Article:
Will the wild ginger do well in shade? I have planted tall phlox and some ginger lily for this season so I will see how well they do at surviving . My royal fern did not make it, I think the clay gets to dry in the summer for growing fern especially here in TN. Too dry for impatiens, I've planted those before.
I do appreciate the suggestions.
velma

Portage, WI(Zone 4b)

Wild ginger is a good shade plant. I don't know how it will do in dry clay shade though. I think it likes a lighter soil with more room for it's roots. Hmm, Sounds like it might be time for some hardscaping, so you don't keep losing plants. Do you know what kind of trees they are? I think it is black walnuts that are allelopathic ( kill other plants)? I'm not sure if there are others.

Antioch, TN

The ones I know for sure are the cedars, oaks, and redwoods

Springboro, PA(Zone 5a)

You could try one of the golden colored hostas. They look like a splash of sunlight when planted among the other "greens" in my shade gardens.


early_bloomer

Thumbnail by Early_Bloomer
Midway, TX(Zone 8b)

Because I'm a Hosta lover I would agree with Early Bloomer that Hostas in different colors and different colored blooms would be real pretty. Some with white striped leaves, maybe some blue ones too.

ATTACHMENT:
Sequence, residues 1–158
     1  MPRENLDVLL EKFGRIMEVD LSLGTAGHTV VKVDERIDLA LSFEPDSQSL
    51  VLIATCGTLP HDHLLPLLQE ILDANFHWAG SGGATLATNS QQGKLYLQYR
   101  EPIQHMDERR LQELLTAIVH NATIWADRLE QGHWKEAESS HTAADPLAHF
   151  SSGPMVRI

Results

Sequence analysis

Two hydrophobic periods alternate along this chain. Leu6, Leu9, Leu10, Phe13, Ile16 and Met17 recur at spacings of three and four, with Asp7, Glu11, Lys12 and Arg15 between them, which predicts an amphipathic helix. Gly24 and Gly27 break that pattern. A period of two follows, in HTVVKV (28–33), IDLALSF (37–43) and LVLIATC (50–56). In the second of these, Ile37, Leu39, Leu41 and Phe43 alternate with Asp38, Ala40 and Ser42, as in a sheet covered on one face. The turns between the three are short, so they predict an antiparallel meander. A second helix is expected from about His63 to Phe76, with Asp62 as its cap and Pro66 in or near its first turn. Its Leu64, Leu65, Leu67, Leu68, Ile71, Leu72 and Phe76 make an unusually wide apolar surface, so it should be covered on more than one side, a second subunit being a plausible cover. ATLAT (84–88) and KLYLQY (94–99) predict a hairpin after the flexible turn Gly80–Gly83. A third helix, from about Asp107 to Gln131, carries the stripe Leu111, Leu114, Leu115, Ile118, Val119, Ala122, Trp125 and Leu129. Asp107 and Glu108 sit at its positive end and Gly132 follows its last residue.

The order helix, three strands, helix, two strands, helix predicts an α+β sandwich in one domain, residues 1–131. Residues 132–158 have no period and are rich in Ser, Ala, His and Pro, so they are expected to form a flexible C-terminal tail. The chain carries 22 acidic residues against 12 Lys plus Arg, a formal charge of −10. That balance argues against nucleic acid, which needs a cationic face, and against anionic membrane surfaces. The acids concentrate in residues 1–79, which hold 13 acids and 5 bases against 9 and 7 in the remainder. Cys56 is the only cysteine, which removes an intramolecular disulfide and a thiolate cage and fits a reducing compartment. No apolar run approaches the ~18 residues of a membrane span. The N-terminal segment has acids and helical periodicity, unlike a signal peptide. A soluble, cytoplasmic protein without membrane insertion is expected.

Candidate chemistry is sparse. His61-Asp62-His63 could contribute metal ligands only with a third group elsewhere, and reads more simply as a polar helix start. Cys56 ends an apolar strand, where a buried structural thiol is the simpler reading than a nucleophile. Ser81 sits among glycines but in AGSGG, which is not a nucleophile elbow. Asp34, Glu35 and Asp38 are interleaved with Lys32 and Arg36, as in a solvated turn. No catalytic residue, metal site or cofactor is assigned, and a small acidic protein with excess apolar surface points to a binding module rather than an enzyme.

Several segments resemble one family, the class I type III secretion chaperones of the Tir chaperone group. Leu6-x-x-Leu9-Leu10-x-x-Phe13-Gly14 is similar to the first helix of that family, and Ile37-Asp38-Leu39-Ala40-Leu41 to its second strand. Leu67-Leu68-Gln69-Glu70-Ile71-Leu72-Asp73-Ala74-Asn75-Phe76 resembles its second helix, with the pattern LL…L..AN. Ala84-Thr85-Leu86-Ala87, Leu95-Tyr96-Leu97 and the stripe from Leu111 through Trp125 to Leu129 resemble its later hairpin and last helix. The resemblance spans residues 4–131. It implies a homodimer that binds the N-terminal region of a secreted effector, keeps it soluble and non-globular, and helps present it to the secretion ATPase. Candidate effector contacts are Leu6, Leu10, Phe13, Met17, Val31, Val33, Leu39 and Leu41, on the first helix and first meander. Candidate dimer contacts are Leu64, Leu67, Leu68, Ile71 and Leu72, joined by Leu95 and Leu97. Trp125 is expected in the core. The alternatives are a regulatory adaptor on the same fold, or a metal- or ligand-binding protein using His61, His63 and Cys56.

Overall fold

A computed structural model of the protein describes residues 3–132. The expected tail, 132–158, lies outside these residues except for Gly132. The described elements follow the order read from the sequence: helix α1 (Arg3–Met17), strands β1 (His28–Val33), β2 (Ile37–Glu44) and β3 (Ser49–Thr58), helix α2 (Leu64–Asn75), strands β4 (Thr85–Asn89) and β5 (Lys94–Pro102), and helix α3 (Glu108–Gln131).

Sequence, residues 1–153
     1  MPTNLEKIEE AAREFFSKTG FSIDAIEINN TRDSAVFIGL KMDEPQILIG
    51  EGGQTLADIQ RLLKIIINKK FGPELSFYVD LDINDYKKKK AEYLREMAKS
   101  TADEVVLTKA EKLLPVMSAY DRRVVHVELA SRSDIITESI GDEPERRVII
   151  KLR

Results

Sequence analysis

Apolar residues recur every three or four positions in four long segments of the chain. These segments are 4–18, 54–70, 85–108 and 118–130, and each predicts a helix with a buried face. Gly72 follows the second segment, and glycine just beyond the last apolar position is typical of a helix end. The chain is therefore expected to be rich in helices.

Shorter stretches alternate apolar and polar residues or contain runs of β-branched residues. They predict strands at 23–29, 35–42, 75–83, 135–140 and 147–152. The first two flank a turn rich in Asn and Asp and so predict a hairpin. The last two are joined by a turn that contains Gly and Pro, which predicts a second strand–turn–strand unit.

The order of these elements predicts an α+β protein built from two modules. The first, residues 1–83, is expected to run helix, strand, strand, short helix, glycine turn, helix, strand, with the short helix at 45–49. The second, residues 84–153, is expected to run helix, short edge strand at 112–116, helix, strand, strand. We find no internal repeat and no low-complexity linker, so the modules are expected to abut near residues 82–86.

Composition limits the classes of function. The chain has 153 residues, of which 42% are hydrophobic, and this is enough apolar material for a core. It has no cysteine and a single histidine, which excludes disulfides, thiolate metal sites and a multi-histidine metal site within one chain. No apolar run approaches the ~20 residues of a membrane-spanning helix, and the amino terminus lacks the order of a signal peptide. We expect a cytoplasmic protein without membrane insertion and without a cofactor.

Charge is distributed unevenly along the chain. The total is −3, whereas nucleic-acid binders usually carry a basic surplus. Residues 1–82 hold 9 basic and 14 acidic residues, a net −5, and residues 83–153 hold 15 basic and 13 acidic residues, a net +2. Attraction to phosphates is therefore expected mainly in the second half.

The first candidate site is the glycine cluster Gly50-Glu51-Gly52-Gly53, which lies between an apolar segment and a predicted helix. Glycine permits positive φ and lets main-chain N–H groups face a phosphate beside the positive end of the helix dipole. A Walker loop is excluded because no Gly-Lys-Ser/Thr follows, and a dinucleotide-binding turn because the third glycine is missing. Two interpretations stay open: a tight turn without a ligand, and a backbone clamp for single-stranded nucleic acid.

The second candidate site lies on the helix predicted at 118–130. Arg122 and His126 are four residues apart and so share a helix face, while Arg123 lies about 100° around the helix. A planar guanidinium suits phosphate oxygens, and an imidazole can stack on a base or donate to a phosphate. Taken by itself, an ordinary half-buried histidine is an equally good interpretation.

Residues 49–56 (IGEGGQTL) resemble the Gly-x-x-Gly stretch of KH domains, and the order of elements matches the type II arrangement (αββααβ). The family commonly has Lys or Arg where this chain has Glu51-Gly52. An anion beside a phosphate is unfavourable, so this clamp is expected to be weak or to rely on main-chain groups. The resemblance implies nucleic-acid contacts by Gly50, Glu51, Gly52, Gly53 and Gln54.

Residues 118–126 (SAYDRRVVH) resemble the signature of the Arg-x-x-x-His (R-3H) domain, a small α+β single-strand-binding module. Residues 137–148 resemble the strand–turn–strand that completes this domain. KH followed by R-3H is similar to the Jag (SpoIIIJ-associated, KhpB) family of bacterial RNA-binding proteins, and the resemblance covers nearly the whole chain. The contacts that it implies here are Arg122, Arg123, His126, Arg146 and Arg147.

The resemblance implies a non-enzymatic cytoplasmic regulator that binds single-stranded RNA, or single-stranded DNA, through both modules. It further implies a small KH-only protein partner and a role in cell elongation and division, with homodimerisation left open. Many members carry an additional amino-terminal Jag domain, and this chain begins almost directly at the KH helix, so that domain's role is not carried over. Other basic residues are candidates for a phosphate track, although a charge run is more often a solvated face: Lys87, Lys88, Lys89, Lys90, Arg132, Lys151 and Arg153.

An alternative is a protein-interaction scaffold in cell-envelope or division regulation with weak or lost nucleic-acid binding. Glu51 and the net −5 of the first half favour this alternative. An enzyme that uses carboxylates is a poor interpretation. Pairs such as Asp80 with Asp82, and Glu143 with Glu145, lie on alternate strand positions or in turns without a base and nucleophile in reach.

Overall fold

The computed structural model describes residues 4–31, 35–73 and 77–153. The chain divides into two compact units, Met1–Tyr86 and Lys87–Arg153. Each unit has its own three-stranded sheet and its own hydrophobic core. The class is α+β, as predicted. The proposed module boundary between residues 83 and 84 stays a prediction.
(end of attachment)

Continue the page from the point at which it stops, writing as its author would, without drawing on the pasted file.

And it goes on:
Antioch, TN

Thank you both for your suggestions.

Omaha, NE(Zone 5a)

How deep is your shade? I'd plant daffodils for spring, ajuga (blue) for early summer, Goosenecked lysimachia IN A BURRIED POT (it is VERY invasive) in a couple spots for summer, Bleeding heart (spring, again), various daylilies (look for part-shade varieties), and, frankly, I'b buy some potting mix, mound it gently up to about 3 inches in a few places and plant 10-20 impatients in each mound. If it's your soil, that's probably the only way around it. Good luck!
Jillann

Omaha, NE(Zone 5a)

Oh, one other thing, mmaybe some caladiums would add some color? You said you were limited on space, but a single spirea, even if you had to keep it trimmed, would add interest, or a dwarf variety...
I put a spirea in my shade garden, right in the middle. so that I could divide it into 2 'halves' with a divided path, then plant along both paths. It made it more interesting than just a flat garden. You could also put a bench, or small fountain or statue in the middle, just to divide it up...
You might throw the question out in the Garden Design forum- there are some good designers that frequent it!
Jillann

Antioch, TN

Thanks Jillann, I had the spirea for about 2 yrs before it gave up. I have a large concrete bird fountain that I added. I am going to plant a variegated shrub and keep it tapered so it won't take up too much room while adding height and color.